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David Holub

With sense of taste on hiatus, ordering food is complex task

Ar 160319657
Shutterstock
Ar 160319657
Shutterstock

Thanks to some kind of sinus ordeal last weekend, I lost my sense of smell, and, in turn, my sense of taste.

I was out of town, which meant that I wasn’t at home and didn’t have to make any decisions about questionable milk or fret over potential natural gas leaks that my nose would have failed to alert me to. It also meant that every meal took place at a restaurant, and lacking the ability to taste tripped me up, opening a series of questions about why we eat the things we do and why, at restaurants, we order what we order. If food has no flavor, how is one to decide?

I was hanging with my parents in Alamosa for the Crane Festival (it’s about birdwatching ... don’t ask), and every time we’re in Alamosa we eat at Calvillo’s, which I adore for its extensive and mind-blowing Mexican buffet, chock-full of tamales, enchiladas, pozole, carne asada, carne guisada, you name it. I was set to do the buffet per usual until I considered my lack of taste. Is the point of a buffet to stuff my giant, obese face or is it to delicately sample a number of different options? For me, it’s both, but I lean heavier on the sampling opportunities (this is me trying to seem respectable).

Stuck with the menu, I began consider: Do I order the thing that will fill me up the cheapest – rice and beans – or something texturally interesting – fajitas – or perhaps something I’d normally order anyway and suffer with the thought of what I was missing? I went with the latter option – chile relleno/enchilada combo and silently pouted throughout the meal.

Monday, as my sense of taste was ever slow in returning, I found myself at Steamworks, again trying to make decisions about food while lacking a sense of taste. A veteran at taste-free food ordering at this point, I scoured the menu for the thing that would best suit my predicament.

I put the question to Sean Moriarty, on as barkeep that night, who was immediate with suggestions, most of which had to do with spiciness (the meatloaf with chorizo, chimichanga, hot wings), which Dr. Moriarty said would cut through my sinus catastrophe.

I went for the hot wings, for their simplicity and the pure filling protein factor. Sean added that the texture might be satisfying, in a primitive, rip-it-from-the-bone-with-your-face kind of way, I imagined. Plus, there’s the celery sticks, “so you can pretend you’re being healthy,” he said. Even better for me. I merely tolerate celery in my normal, tasting lifestyle, so a chance to eat celery without having to endure the off-putting flavor seemed enticing, though the tragic stringy texture would still upset me greatly.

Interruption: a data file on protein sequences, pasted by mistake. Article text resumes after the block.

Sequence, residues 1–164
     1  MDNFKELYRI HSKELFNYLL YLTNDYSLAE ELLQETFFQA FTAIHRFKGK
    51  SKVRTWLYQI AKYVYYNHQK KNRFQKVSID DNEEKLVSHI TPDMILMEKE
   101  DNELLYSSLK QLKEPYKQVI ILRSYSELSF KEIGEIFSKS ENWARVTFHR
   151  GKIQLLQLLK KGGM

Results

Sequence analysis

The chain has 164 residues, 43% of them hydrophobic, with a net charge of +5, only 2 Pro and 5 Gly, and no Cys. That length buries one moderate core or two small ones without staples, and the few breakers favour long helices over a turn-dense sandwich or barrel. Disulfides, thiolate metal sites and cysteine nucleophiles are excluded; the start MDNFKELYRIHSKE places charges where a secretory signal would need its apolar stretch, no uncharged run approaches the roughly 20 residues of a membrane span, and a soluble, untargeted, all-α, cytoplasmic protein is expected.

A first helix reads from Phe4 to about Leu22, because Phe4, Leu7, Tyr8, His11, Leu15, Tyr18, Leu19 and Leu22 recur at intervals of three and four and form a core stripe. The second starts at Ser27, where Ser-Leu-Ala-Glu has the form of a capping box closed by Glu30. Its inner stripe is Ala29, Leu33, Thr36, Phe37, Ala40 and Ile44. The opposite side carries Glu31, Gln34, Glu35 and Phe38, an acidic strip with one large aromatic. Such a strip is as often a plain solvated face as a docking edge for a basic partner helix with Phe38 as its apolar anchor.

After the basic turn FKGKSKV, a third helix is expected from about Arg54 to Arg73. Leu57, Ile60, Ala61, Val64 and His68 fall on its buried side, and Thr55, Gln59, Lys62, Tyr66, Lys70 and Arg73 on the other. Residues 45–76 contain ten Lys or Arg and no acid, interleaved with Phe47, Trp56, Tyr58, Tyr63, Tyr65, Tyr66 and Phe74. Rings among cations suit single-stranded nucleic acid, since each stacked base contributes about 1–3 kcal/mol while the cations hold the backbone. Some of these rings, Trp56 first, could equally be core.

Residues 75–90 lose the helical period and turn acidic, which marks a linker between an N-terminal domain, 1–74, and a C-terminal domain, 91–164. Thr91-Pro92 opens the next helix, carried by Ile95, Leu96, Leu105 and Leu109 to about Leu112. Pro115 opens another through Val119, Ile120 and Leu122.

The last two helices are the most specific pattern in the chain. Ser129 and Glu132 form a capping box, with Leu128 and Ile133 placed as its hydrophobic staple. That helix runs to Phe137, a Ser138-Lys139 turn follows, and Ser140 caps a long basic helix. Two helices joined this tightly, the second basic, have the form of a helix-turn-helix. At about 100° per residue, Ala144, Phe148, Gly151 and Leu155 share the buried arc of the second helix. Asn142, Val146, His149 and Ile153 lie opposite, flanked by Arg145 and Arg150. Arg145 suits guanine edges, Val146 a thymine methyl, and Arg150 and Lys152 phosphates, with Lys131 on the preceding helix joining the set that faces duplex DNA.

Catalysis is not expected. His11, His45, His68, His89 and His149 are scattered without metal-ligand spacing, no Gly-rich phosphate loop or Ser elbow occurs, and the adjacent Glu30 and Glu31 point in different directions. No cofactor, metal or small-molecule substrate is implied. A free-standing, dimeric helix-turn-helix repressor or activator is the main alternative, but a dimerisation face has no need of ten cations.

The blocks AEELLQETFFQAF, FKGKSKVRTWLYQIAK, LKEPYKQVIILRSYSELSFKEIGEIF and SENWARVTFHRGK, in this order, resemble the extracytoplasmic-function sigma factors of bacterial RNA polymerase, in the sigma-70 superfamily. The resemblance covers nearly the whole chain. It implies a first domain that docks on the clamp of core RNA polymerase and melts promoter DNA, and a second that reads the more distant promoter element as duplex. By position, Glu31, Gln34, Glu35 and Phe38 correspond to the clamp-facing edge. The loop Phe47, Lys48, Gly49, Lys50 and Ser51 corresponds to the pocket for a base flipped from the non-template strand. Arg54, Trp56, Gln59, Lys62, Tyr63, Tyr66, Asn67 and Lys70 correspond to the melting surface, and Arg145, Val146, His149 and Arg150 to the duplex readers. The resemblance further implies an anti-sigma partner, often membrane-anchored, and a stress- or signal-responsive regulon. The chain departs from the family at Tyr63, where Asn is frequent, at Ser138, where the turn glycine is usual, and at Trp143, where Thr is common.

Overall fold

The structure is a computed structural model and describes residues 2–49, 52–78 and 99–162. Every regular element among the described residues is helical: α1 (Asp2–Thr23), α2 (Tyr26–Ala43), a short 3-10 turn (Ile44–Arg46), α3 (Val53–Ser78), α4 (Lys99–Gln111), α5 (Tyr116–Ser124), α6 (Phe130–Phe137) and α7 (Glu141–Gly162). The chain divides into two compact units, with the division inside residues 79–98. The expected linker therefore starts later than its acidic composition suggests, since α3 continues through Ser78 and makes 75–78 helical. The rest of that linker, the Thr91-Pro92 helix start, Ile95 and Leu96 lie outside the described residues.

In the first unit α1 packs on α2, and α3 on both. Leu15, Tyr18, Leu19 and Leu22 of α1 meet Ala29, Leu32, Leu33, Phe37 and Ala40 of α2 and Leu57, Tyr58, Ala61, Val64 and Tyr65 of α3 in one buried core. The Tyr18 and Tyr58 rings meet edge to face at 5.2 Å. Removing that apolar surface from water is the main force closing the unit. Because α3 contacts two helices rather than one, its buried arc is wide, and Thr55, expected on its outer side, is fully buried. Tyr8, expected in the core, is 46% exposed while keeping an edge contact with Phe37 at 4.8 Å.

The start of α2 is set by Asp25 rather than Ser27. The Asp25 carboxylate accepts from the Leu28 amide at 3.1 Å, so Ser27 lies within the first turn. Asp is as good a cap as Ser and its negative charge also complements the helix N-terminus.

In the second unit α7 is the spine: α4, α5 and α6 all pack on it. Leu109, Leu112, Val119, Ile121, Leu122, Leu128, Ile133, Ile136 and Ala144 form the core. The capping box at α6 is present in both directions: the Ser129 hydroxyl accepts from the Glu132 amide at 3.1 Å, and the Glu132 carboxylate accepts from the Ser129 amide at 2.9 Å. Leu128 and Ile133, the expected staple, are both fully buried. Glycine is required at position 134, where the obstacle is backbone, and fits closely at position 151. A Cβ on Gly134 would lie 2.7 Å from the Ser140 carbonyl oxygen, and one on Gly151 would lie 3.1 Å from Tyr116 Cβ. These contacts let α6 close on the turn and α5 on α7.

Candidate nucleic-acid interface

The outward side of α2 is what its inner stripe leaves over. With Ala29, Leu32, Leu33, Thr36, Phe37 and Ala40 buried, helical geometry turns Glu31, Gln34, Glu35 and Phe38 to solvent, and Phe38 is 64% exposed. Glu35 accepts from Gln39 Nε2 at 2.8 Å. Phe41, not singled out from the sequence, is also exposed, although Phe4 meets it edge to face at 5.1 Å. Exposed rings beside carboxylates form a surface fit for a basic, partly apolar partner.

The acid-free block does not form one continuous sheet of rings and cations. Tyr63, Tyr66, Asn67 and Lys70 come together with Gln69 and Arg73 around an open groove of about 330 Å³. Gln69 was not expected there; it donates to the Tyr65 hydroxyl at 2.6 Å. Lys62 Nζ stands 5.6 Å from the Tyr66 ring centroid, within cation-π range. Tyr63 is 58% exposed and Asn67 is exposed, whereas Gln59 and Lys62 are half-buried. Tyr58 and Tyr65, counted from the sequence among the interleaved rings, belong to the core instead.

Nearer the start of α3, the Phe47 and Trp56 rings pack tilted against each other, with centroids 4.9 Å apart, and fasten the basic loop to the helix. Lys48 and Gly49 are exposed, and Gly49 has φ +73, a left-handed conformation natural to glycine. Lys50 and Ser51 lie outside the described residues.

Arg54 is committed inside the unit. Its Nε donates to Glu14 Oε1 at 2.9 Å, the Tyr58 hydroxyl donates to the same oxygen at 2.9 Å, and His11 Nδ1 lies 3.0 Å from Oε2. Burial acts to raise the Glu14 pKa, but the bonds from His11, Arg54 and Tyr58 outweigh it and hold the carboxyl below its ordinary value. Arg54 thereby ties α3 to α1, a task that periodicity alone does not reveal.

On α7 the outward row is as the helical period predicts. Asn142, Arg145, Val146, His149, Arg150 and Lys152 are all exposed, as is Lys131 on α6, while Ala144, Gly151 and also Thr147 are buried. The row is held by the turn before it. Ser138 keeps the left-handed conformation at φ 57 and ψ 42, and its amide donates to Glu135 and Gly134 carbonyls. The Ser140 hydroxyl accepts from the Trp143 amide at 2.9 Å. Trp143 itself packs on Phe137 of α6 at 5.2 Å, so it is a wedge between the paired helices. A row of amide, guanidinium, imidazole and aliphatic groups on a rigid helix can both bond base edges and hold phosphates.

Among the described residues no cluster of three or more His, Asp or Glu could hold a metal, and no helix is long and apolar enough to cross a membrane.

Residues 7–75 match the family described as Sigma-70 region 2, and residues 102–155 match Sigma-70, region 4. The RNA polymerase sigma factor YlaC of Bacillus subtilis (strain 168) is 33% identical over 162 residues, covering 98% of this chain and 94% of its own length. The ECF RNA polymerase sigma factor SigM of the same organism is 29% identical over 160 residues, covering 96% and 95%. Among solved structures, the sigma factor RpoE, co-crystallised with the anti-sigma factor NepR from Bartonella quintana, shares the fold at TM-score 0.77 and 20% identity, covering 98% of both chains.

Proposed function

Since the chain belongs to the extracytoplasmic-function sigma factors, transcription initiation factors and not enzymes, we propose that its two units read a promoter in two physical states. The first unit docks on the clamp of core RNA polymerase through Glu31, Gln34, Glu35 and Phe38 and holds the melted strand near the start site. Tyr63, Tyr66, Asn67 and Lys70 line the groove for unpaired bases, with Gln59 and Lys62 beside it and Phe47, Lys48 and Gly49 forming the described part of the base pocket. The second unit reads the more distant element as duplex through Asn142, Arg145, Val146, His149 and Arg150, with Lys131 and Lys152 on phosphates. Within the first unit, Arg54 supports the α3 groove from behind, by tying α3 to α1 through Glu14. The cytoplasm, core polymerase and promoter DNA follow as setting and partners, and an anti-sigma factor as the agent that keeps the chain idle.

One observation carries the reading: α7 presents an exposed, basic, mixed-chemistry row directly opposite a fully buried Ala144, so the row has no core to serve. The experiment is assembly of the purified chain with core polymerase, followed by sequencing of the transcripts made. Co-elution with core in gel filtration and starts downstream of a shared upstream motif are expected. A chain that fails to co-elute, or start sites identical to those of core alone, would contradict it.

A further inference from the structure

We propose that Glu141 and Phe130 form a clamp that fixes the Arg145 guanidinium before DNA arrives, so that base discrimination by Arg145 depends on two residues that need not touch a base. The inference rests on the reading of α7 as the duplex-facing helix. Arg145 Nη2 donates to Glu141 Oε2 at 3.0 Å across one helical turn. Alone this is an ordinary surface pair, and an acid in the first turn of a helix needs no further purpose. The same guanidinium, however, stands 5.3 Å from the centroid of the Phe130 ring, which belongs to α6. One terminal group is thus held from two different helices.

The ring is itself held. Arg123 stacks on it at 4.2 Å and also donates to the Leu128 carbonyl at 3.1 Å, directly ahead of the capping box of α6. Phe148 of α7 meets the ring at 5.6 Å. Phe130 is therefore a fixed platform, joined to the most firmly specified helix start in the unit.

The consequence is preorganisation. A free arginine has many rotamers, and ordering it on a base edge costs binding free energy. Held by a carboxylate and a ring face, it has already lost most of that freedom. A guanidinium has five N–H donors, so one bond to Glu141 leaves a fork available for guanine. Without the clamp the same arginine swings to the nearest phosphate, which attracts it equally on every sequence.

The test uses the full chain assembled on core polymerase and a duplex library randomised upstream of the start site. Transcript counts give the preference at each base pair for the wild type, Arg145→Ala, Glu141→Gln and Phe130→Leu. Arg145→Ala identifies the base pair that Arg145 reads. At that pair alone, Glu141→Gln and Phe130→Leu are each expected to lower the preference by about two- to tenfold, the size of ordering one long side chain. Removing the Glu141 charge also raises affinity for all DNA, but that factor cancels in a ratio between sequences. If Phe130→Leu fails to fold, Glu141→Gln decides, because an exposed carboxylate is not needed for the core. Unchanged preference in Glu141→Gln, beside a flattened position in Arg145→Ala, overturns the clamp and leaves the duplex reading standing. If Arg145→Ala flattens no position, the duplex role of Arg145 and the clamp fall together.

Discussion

For beer, Moriarty recommended the Conductor, one of the strongest tasting beers on the menu, not to mention being Steamworks’ strongest always-on mainstays at 9.3 percent ABV. He figured the flavors might awaken my senses. My take was that at 9.3 percent and with no taste, why not pick the option that’s gonna get me boarding that train the quickest? Nothing against the Conductor, but it didn’t faze my tastelessness. The chemistry associated with the ABV was another matter.

The experience showed me how complex the calculus can be when ordering a meal and why those decisions can at times be maddeningly difficult. Before, I might have given taste and flavor more credit than it deserved. Lacking taste demonstrated how much I had implicitly taken other factors into consideration when answering the question “What am I in the mood for?” Do I want the lightness and healthiness of a salad (despite its lacking value)? Do I want the straightforward fill-me-up-with-overwhelming-flavor of chicken wings? Do I want the flavor variety of a four-item Mexican combo? Do I want the thing on the menu that will fill me up for the least amount of money?

I’m on the lookout for the perfect meal that combines all of these. How satisfying that would be.